Kahu 1978
screenprint, 380 x 285 mm.
(Collection of the
Auckland City Art Gallery)

There is another dimension to the work that gives them a central place in any history of New Zealand art too. For a long time Maori and European art remained resolutely separate in the consciousness of most Pakeha New Zealanders. Even if admired, Maori artefacts were generally seen more in terms of craft than art; the stuff of museums rather than art galleries. Walters (with Theo Schoon) was one of the first European artists who responded to the Maori work in terms of art and its formal values, rather than from an ethnological or craft viewpoint. In this respect his evaluation was in line with the modernist view of primitive art-as a source of new and revitalising forms, methods and ideas. In the case of Walters's koru paintings the Maori motif was assimilated into a European conceptual framework-that of formalism, It could be argued then that, though Walters has never presumed to mine or exploit the symbolic or spiritual meanings of Maori art, his use of the koru motif still amounts to a form of appropriation - the taking over of an aspect of a subordinated culture in order to service the requirements of a dominating culture. On the other hand the relationship between the Maori motif and the koru paintings could be viewed more sympathetically - as an implicit recognition of the values of Maori art and culture; as a benign attempt to amalgamate ideas and forms both European and Maori.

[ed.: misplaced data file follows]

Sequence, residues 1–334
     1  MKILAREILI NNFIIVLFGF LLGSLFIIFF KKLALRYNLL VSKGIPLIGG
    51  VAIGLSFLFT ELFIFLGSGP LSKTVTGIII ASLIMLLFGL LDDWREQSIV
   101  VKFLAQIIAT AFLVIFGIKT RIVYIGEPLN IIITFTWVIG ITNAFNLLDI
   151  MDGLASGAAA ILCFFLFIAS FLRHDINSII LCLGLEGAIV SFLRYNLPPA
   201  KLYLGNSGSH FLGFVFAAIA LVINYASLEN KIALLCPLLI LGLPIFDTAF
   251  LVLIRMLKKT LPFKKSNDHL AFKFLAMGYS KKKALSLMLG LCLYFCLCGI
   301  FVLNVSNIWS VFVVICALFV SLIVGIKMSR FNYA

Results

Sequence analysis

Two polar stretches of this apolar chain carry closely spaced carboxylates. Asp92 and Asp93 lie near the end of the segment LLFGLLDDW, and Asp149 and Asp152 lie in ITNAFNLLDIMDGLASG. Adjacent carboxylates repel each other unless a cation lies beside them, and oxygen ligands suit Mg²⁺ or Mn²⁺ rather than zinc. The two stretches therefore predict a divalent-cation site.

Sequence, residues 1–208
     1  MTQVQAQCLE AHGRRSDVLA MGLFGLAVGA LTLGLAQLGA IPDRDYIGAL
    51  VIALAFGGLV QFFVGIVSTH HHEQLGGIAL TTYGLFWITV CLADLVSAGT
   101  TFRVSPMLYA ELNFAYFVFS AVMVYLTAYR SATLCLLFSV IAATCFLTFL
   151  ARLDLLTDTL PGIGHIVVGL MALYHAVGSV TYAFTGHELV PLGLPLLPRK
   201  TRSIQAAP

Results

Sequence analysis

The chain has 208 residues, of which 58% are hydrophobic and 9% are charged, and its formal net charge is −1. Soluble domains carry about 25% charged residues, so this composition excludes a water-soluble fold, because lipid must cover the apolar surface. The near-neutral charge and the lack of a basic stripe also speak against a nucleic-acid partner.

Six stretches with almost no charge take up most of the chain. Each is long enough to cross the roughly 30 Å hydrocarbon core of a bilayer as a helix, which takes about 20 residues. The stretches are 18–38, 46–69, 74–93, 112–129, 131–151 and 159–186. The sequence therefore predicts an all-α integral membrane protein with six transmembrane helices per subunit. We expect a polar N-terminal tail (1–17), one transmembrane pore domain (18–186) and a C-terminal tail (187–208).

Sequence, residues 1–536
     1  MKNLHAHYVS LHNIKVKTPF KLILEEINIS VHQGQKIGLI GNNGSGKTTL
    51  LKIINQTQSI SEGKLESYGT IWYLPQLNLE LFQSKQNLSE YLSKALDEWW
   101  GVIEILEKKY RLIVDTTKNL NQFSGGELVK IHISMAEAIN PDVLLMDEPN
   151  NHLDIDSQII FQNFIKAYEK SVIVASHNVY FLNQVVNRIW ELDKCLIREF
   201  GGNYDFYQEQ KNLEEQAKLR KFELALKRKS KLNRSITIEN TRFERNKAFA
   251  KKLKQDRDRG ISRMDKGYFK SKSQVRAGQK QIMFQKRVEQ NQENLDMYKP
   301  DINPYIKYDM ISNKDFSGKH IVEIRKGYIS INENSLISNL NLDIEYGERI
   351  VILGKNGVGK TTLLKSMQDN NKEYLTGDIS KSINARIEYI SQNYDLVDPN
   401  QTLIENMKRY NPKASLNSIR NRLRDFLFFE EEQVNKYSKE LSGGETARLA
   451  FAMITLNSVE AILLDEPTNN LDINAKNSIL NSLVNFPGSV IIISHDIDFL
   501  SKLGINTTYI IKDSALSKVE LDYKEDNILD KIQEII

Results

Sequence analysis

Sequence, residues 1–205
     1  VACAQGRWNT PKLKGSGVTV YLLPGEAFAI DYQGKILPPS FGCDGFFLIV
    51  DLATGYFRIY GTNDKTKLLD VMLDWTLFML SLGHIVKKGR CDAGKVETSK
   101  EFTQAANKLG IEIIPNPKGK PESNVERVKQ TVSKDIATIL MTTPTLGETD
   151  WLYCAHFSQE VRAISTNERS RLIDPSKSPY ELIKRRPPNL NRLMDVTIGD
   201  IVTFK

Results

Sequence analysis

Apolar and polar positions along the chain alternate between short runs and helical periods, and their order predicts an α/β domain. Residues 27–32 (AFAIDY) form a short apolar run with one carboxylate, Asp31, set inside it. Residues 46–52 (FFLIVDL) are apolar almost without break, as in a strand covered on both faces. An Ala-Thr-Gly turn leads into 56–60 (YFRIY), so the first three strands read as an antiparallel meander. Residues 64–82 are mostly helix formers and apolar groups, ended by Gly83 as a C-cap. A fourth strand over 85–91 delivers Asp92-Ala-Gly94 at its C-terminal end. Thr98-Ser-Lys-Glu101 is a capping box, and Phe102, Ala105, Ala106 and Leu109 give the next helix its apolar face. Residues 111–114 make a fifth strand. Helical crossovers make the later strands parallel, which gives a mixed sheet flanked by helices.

Painting 1974
PVA & acrylic on canvas,
1220 x 916 mm.

Walters's frequent use of Maori titles points in this direction. Besides functioning as marks of identification for individual paintings, the Maori titles enabled Walters '. . . to pay tribute to the Maori tradition, which has meant a great deal to me, and to reinterpret it in terms of my own art and my immediate environment.'(2)

Aranui 1982
PVA & acrylic on canvas,
1829 x 1371 mm.

However Walters's work is viewed, the Auckland exhibition presents a fine selection from his output of the last forty years. The most informative catalogue maps the context of ideas and practices in which the paintings and drawings were produced. The result... a show that was both one of the best to look at in recent years and one which dealt with issues crucial to serious art in New Zealand since World War II.

Gordon Walters in his studio
(photograph by Marti Friediander)

1. Gordon H. Brown and Hamish Keith, An Introduction to New Zealand Painting 1839-1980 New and Revised Edition, (Wellington, 1982) p. 220. 2. Statements by Gordon Walters, October 1982 in Gordon Walters. Exhibition Catalogue (Auckland City Art Gallery, 1982) p. 125.